Penguin Random House has unveiled its inaugural list for its South East Asia arm featuring 93 titles.
Headquartered in Singapore, the new publishing arm launched on February 15th, with its first list of 93 books featuring writers from 10 countries across fiction, non-fiction, children's and learning according to Star2.com.
The South East Asia publishing arm launch was revealed last October, with a view to discover and publish local and international voices across English-language adult and children’s fiction and non-fiction formats for Singapore and Malaysia, as well as Thailand, the Philippines, Indonesia, Vietnam, Brunei and Myanmar (Burma).
Over the next few years, PRH SEA aims to build up to around 500 titles. While the titles it is publishing so far are in English, it is also looking at translating works into other languages.
In the first list, some prominent themes in the works include war and diaspora, as well as cause-driven stories for children.
Singapore-based authors are featured, such as urban murder mystery by Krishna Udayasankar, a short story collection on diaspora by Elaine Chiew and a comic novel on Bishan beauty parlours by journalist Akshita Nanda. Additionally there are titles by Indonesian novelist Laksmi Pamuntjak, Indian writer Siddharth Dhanvant Shanghvi, who won the British Betty Trask Award for debut novels and Filipino journalist Rene Acosta, who has written about the war on terror in the Philippines.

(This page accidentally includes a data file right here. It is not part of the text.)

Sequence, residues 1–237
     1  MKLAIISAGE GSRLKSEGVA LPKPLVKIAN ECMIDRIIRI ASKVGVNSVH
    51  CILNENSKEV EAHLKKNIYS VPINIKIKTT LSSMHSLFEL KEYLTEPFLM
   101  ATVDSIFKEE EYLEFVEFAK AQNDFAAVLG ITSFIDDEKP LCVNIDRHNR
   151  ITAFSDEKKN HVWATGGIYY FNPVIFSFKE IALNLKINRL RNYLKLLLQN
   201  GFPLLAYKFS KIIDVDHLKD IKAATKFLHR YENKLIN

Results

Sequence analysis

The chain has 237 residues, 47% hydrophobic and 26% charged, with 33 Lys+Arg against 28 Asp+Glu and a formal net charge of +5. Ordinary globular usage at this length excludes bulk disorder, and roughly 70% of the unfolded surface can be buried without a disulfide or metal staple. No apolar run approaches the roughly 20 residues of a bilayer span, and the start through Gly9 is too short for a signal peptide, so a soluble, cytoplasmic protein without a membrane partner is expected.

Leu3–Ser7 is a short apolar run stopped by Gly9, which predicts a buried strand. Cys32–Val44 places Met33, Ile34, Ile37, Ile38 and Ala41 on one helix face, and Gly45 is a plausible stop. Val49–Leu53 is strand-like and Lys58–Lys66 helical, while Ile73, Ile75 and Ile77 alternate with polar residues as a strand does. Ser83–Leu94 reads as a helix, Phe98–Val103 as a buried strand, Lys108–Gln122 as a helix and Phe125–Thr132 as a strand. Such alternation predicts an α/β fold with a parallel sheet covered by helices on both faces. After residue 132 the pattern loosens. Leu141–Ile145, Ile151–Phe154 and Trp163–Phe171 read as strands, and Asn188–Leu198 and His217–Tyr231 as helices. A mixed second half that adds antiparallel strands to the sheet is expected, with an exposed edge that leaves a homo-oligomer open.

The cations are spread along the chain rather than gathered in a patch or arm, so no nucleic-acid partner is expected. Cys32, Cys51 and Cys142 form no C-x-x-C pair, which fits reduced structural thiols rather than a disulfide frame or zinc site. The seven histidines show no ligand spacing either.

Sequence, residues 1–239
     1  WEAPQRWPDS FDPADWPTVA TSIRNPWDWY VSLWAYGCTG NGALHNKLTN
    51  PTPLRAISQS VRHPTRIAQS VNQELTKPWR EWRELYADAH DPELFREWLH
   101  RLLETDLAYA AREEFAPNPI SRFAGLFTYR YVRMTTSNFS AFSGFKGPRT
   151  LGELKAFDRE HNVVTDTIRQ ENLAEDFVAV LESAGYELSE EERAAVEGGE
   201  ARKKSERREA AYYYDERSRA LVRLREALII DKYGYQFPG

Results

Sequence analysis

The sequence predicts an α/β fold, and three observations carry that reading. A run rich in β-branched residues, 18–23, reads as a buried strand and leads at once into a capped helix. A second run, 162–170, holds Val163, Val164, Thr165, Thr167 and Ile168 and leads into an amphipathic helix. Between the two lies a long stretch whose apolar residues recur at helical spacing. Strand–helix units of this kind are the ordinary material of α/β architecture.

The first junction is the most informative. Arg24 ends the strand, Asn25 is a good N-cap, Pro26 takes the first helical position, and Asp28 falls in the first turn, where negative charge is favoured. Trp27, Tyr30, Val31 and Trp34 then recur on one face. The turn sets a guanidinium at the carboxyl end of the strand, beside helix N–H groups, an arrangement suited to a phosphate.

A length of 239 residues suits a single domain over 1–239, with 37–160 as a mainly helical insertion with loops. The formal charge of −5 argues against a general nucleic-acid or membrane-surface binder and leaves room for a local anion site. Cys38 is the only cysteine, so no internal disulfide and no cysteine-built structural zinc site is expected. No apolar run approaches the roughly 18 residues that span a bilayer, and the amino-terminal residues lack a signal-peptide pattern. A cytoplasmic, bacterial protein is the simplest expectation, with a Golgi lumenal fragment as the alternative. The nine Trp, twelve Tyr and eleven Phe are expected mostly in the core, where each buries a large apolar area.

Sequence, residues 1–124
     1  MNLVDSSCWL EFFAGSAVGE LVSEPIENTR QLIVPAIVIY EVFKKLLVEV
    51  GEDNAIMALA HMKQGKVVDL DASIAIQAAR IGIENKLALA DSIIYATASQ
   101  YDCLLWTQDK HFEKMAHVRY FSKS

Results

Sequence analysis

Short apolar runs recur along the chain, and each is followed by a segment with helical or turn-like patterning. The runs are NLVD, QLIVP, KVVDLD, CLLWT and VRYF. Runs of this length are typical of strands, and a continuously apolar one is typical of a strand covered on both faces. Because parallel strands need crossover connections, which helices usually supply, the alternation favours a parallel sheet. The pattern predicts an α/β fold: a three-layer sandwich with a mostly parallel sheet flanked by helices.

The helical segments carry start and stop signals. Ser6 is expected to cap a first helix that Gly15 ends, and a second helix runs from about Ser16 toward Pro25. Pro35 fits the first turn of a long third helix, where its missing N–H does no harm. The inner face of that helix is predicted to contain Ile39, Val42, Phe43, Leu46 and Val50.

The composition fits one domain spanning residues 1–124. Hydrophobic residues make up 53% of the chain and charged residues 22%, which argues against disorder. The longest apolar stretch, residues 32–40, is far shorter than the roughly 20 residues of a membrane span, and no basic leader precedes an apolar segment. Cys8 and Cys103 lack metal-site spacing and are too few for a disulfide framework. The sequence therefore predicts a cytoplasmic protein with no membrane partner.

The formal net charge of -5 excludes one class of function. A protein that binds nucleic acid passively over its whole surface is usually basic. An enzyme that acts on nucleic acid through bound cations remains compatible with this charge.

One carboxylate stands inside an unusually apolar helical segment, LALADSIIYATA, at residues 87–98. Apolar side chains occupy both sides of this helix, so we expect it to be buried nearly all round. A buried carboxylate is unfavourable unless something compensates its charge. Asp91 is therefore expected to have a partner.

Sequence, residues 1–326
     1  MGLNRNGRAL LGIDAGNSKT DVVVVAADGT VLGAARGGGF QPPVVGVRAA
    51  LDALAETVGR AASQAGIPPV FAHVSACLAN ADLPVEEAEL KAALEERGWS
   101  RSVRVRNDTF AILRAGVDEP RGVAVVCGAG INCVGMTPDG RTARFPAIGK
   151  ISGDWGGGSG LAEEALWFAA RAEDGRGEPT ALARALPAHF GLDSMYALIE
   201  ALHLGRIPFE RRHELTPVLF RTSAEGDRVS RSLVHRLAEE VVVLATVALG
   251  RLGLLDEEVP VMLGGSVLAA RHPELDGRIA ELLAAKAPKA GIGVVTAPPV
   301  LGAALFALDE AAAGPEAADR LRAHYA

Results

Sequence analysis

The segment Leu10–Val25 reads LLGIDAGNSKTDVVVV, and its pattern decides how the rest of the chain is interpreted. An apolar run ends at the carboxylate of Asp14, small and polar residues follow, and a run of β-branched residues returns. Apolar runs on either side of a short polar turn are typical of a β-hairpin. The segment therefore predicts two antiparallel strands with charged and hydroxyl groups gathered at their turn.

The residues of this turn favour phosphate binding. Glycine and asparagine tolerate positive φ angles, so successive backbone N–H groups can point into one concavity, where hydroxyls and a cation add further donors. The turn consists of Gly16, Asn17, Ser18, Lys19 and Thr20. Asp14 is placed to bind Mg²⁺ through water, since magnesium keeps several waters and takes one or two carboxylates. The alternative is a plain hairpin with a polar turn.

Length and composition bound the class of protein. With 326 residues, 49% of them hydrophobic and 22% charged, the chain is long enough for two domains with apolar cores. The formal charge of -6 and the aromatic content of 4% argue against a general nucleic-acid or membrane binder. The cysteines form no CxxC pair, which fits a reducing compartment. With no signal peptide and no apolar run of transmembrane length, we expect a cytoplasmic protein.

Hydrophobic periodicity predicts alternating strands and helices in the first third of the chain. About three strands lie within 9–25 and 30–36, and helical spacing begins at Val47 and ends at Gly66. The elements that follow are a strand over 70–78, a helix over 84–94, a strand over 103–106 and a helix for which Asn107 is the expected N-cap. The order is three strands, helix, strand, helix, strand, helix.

The newly installed chief executive Penguin Random House India and South East Asia (SEA) Gaurav Shrinagesh told Star2 that Singapore was chosen as the venture’s headquarters because geographically, it is “perfectly placed to access the region”.
He added: “We want to provide authors a platform to engage with a larger readership within the Asian community and potentially look at how to give them voices internationally.”
The Singapore office is fronted by executive editor Nora Nazerene Abu Bakar who has 13 years of publishing experience with publishers such as Marshall Cavendish Education.
She said she receives between three and six manuscripts a week and looks in particular for stories with a South-East Asian context.